When you come to understand that each of your employees has entered healthcare—and your department, institution, or practice—for different personal and professional reasons, you will be able to tap into their values and get them to tap into, and go along with, your plans.
A true merging of an employee’s values with a supervisor’s plans does not happen overnight. It is a process of creating buy-in and loyalty that allows a physician leader to build an environment where all team members are working toward the good of the entire organization, rather than the good of themselves.
It is safe to assume that giving employees a sheet of paper with the mission and vision of your practice, institution, or department doesn’t automatically guarantee buy-in and loyalty. Creating this comes directly from the top down, and viewing—and treating—employees as assets, rather than costs, will build a firm foundation for this.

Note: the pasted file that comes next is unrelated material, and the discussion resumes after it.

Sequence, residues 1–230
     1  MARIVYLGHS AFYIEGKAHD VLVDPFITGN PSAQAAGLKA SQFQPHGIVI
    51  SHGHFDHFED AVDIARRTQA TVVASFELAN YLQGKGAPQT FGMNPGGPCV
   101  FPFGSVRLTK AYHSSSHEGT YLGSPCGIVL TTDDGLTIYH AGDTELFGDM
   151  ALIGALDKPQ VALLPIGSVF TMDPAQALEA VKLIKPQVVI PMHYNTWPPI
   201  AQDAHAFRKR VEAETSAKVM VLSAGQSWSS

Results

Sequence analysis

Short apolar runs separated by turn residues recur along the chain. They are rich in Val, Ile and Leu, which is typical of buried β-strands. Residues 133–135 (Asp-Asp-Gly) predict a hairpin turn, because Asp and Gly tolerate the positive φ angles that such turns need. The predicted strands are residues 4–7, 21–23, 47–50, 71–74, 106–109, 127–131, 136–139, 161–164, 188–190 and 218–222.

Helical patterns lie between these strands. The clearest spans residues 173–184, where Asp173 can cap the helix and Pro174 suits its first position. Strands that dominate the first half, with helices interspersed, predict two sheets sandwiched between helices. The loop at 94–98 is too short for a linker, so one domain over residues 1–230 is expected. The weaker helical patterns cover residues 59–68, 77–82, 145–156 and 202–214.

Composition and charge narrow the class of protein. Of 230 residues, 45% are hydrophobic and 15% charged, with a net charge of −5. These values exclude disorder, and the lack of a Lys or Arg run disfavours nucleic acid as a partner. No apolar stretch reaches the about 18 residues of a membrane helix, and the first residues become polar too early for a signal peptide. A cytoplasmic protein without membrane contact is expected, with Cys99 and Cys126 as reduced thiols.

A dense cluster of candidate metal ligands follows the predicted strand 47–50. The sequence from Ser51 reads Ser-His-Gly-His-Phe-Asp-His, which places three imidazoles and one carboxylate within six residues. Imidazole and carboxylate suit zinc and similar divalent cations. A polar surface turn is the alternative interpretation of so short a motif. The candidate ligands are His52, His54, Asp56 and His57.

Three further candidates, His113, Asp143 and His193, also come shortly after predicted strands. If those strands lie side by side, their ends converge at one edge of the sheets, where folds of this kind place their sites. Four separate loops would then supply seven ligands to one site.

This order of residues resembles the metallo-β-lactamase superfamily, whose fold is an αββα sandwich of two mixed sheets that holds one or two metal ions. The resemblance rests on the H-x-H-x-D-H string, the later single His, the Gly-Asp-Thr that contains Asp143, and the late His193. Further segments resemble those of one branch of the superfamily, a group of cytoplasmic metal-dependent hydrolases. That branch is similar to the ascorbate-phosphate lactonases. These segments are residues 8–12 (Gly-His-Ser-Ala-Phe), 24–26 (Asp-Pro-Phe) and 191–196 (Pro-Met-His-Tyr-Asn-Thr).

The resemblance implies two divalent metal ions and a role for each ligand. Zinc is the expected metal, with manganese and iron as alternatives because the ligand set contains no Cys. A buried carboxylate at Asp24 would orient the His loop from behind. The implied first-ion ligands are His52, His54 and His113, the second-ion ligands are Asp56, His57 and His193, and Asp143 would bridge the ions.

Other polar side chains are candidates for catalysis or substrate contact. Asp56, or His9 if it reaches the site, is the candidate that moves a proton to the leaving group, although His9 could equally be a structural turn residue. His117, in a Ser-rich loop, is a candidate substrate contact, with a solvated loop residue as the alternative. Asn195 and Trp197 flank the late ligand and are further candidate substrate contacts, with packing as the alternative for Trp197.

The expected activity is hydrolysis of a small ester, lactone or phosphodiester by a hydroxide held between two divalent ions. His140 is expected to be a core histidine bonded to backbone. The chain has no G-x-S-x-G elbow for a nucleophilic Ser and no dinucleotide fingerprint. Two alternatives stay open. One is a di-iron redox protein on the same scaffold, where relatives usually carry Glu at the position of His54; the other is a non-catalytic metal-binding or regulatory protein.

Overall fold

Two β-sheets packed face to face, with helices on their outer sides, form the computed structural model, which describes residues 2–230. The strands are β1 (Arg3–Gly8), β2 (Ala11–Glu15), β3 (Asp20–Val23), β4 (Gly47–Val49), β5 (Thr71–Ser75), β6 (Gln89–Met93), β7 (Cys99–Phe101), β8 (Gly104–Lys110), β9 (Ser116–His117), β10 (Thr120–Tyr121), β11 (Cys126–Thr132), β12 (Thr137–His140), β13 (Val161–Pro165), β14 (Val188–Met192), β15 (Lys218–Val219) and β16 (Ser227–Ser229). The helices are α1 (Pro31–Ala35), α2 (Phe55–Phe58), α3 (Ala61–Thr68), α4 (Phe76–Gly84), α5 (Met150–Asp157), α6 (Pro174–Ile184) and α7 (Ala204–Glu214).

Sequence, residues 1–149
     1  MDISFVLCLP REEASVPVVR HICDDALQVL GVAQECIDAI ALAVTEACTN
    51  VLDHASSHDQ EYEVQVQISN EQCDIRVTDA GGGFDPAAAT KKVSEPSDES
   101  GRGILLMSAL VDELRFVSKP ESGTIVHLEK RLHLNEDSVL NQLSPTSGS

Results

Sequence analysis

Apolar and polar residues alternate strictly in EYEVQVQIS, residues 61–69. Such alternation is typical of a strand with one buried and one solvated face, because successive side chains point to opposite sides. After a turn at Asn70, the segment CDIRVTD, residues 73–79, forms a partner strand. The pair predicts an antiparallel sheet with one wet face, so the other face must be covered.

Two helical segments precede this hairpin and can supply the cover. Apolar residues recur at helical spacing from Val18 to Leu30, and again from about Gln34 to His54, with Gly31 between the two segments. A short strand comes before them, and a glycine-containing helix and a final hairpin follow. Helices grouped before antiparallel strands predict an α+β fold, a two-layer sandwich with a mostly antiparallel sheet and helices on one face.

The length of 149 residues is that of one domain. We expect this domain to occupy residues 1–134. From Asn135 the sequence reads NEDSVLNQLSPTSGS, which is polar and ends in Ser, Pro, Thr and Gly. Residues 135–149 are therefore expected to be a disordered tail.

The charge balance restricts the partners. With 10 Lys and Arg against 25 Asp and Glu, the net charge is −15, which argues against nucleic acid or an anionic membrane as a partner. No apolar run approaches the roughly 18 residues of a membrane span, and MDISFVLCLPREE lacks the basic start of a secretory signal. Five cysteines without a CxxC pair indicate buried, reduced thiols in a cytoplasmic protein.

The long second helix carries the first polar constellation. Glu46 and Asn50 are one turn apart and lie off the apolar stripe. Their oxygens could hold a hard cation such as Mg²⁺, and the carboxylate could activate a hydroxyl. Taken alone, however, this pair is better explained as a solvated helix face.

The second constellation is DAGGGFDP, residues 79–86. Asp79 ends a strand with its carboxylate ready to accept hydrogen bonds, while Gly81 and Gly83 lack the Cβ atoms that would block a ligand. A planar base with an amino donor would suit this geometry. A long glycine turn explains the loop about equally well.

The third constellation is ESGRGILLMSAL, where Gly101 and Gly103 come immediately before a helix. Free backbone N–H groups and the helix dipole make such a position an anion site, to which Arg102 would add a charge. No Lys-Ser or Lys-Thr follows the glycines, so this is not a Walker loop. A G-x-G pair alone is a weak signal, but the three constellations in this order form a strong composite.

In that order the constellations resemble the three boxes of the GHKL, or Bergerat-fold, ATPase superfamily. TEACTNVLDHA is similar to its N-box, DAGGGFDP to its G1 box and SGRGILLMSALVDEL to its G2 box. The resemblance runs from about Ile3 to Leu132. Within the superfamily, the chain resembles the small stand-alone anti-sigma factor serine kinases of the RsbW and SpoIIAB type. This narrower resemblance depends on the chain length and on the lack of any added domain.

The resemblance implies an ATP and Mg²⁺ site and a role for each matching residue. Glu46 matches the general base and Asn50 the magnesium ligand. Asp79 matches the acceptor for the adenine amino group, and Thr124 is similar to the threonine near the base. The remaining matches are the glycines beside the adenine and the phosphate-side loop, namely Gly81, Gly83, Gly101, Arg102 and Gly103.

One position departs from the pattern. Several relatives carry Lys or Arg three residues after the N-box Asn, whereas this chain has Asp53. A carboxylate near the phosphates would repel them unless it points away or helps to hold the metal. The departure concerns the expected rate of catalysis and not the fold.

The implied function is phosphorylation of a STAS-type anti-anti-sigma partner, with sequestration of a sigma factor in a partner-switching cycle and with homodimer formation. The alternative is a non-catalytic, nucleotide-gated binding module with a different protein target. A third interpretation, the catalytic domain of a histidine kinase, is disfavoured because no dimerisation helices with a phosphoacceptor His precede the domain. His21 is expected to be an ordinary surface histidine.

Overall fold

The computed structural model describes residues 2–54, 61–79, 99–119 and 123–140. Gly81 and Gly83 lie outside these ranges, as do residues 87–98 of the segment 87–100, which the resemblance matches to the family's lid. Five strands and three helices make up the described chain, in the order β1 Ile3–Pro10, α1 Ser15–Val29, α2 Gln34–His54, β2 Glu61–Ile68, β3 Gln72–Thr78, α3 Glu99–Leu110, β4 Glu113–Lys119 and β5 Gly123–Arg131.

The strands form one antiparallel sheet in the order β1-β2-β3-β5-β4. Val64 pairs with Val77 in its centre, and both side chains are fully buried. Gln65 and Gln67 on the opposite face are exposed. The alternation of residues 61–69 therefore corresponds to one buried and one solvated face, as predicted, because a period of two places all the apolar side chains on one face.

In his 1998 Harvard Business Review article, “Covert Leadership: Notes,” Henry Mintzberg writes, “Leaders energize people by treating them not as detachable ‘human resources’ (probably the most offensive term ever coined in management) but as respected members of a cohesive social system.”
Edward J. O’Connor, PhD, professor of management at the University of Colorado in Denver, and featured speaker at the American College of Physician Executives’ annual Spring Institute, notes that to be a successful physician leader, “You want to attract, motivate, and keep knowledgeable employees and give them something they want to do.”